What was the cause of acute vision loss after a measles and rubella vaccination in an infant boy?
A 13-month-old Japanese boy developed bilateral acute vision loss with exudative retinal detachment 24 days after a measles and rubella vaccination. The retina reattached spontaneously in few days; however, the optical coherence tomography images showed a thin outer nuclear layer and the electroretinograms were nonrecordable at 18 days after the onset.
Vision loss after a measles and rubella vaccination is an extremely rare event and may have been coincidental or related to the vaccination.
Ocular inflammation is occasionally observed after vaccinations, and most of them resolve without permanent visual disturbances. However, there are some rare cases of severe ocular complications following vaccinations.
To report the findings in an infant boy who developed an acute loss of vision bilaterally after Haemophilus influenzae type b, Pneumococcal conjugate vaccination, and measles and rubella vaccination. His vision did not recover.
Design, Setting, and Participant
A retrospective review of the medical records of a 13-month-old Japanese boy.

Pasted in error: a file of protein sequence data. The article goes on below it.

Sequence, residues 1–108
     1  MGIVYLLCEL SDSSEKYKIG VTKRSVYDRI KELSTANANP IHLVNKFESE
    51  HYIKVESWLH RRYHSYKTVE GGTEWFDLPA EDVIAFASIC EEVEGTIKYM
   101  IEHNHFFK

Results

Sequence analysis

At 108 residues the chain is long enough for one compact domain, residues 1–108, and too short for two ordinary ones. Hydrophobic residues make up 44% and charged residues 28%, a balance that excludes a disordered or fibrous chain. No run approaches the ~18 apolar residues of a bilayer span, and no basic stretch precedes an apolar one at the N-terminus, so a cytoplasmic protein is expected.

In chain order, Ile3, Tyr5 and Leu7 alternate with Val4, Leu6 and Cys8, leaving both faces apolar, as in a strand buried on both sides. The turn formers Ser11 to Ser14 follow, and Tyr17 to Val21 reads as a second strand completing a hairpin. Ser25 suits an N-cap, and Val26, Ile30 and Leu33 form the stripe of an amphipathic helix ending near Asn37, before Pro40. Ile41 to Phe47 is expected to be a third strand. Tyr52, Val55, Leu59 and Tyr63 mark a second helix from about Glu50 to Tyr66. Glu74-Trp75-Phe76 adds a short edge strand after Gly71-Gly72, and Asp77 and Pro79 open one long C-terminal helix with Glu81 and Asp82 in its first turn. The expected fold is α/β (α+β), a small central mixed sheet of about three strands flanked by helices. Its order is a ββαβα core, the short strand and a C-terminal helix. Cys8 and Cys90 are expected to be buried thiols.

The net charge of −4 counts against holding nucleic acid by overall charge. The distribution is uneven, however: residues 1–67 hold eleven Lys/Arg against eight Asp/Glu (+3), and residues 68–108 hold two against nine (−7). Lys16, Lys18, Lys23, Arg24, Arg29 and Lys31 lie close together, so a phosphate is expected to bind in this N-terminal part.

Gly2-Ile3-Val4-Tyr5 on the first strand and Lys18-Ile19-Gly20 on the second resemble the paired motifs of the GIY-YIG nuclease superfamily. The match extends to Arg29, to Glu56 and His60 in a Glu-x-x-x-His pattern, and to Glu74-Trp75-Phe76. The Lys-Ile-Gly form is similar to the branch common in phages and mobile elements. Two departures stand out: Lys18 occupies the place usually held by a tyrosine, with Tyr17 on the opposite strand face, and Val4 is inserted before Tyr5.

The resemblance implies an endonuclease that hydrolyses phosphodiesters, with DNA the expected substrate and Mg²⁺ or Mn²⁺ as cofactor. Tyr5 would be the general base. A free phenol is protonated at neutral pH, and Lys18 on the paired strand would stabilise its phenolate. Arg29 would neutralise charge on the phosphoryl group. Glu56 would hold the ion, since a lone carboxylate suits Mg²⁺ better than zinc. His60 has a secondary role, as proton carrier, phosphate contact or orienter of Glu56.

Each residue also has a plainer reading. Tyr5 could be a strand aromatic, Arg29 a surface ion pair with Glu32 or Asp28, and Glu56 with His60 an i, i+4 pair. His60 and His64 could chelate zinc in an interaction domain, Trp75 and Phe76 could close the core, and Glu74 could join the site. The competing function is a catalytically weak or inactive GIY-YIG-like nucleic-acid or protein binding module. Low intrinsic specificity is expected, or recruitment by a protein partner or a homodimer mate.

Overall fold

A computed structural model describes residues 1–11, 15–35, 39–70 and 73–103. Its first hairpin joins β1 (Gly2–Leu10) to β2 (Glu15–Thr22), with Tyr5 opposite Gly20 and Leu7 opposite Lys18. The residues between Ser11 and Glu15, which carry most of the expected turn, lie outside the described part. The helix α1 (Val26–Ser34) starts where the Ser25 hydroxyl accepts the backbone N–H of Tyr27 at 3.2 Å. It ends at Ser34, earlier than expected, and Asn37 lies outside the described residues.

Main Outcomes and Measures
Fundus and fluorescein angiographic findings, ultrasonographic and optical coherence tomographic images, and electroretinographic findings.
A healthy 13-month-old boy had an acute loss of vision in both eyes 31 days after Haemophilus influenzae type b and Pneumococcal conjugate vaccinations and 24 days after a measles and rubella vaccination. He also developed a common cold 10 days before the vision loss. Ultrasonography showed an exudative retinal detachment 1 day after the onset of the visual reduction; however, his fundi appeared normal 4 days later. His eyes did not pursue objects, and pupillary light reflexes were not present. No signs of anterior uveitis were noted. He was treated with corticosteroids, but his vision did not improve. The retinal vessels gradually attenuated, and diffuse small white punctate lesions appeared in the deep retina. Optical coherence tomography showed a thinner outer nuclear layer and an absent ellipsoid zone. The electroretinograms were nonrecordable. These findings suggested a severe impairment of the photoreceptors, especially their outer segments. Western blot analysis of the patient’s sera detected an antibody against recoverin, a calcium-binding protein of photoreceptors.
Conclusions and Relevance
We hypothesize that an infection induced severe chorioretinitis with an exudative retinal detachment, which then produced an autoantibody against recoverin. The autoantibody then altered the function of the photoreceptors very rapidly. The initial infection may have been caused by the measles and rubella vaccination. However, because to our knowledge this has not been reported previously, the visual loss after the vaccinations may have been an extremely rare event that was coincidental or may have been related to the vaccination.